Egyptians protested their government in a new “Day of Rage” as police responded with live bullets and tear gas, killing at least three protesters.
Rabat – Large-scale protests emerged in Egypt’s towns and peripheral cities on Friday. Protestors declared a “Day of Rage” after a week of brewing tensions and sporadic demonstrations. Protesters avoided large urban centers and instead rallied masses in towns and cities throughout the country, as well as on the outskirts of Cairo.
Footage of children in Beni Mazar pelting rocks at a large depiction of Egyptian President Abdel Fattah el-Sisi spread online. The video shows the children shouting insults and finally tearing down the banner depicting Egypt’s president.
Egypt bans protests that the government has not officially approved. Despite this, frustrated Egyptians faced off with police in riot gear who responded with live fire and tear gas.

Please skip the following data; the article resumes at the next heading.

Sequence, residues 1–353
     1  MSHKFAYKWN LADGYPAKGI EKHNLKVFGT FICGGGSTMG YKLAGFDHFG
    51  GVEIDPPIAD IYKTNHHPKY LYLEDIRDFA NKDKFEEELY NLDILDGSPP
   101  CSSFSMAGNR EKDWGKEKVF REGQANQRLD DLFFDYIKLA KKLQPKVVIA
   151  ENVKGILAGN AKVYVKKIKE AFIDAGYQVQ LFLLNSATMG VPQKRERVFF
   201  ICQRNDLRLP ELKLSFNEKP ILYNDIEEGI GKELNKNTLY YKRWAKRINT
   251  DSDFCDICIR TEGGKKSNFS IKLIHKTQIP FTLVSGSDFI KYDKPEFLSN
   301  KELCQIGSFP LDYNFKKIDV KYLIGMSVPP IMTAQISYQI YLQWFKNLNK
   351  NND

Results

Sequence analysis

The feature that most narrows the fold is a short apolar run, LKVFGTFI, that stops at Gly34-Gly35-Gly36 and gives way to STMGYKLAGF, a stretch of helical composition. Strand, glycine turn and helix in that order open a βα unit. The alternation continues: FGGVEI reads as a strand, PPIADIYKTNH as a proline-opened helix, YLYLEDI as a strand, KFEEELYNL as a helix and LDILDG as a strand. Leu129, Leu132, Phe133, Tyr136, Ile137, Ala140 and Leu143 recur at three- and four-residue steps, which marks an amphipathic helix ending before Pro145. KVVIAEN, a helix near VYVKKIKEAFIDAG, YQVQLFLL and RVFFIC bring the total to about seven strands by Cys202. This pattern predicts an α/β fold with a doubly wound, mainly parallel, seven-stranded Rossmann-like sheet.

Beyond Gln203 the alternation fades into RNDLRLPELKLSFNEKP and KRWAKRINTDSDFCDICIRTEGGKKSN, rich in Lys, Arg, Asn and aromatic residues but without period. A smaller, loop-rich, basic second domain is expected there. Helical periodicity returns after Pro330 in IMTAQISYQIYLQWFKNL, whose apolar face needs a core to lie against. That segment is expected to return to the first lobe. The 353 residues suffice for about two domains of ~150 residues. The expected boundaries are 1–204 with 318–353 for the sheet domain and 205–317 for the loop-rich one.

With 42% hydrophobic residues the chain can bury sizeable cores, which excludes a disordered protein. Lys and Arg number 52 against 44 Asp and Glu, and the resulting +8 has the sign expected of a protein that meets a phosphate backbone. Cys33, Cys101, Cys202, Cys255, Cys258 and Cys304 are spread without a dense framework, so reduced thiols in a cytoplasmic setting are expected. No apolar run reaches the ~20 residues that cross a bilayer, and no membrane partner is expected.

President el-Sisi had reportedly planned to use buses to transport pro-government protesters to confront the anti-Sisi masses. However, social media reported he cancelled the plan as he allegedly feared demonstrators could turn against him.
Protests reportedly occurred in Alexandria, Abu Negm, Beni Mazar, Damietta, El Beleida, El Atf, Gabal el Tair, Kirdasa and Samalout. Protest also emerged in Fayoum, Nahia, Menoufia, Minia, Port Said, Reeda, Omm Dinar, Suez, Shata, Kuddaya, El Shoubak, El Qibliya and El Sharqi.
The response by security forces was swift and brutal. Video footage of protests spread online and demonstrations intensified following the conclusion of Friday prayers. Morocco World News was not able to independently verify the authenticity of recordings.
Security forces killed at least three protestors, according to independent journalist Basma Mustafa of Arabic publication Al Manassa. Online reports specifically announced the death of Sami Wagdy Bashir, a Coptic Christian Egyptian who took part in the protests near Giza, to the south of Cairo.
While the protests received limited coverage by mainstream media, the Arabic hashtag “Day of Anger” gathered over a quarter million tweets online. The death of Sami Wagdy Bashir and footage of violence against protesters spread quickly as thousands voiced their support for the popular uprising.